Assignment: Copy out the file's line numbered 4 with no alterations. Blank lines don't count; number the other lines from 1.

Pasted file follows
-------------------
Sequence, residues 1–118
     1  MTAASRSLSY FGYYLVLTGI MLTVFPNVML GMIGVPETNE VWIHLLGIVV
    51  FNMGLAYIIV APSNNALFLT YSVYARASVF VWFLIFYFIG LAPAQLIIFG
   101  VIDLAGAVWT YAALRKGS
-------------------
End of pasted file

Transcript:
   101  VIDLAGAVWT YAALRKGS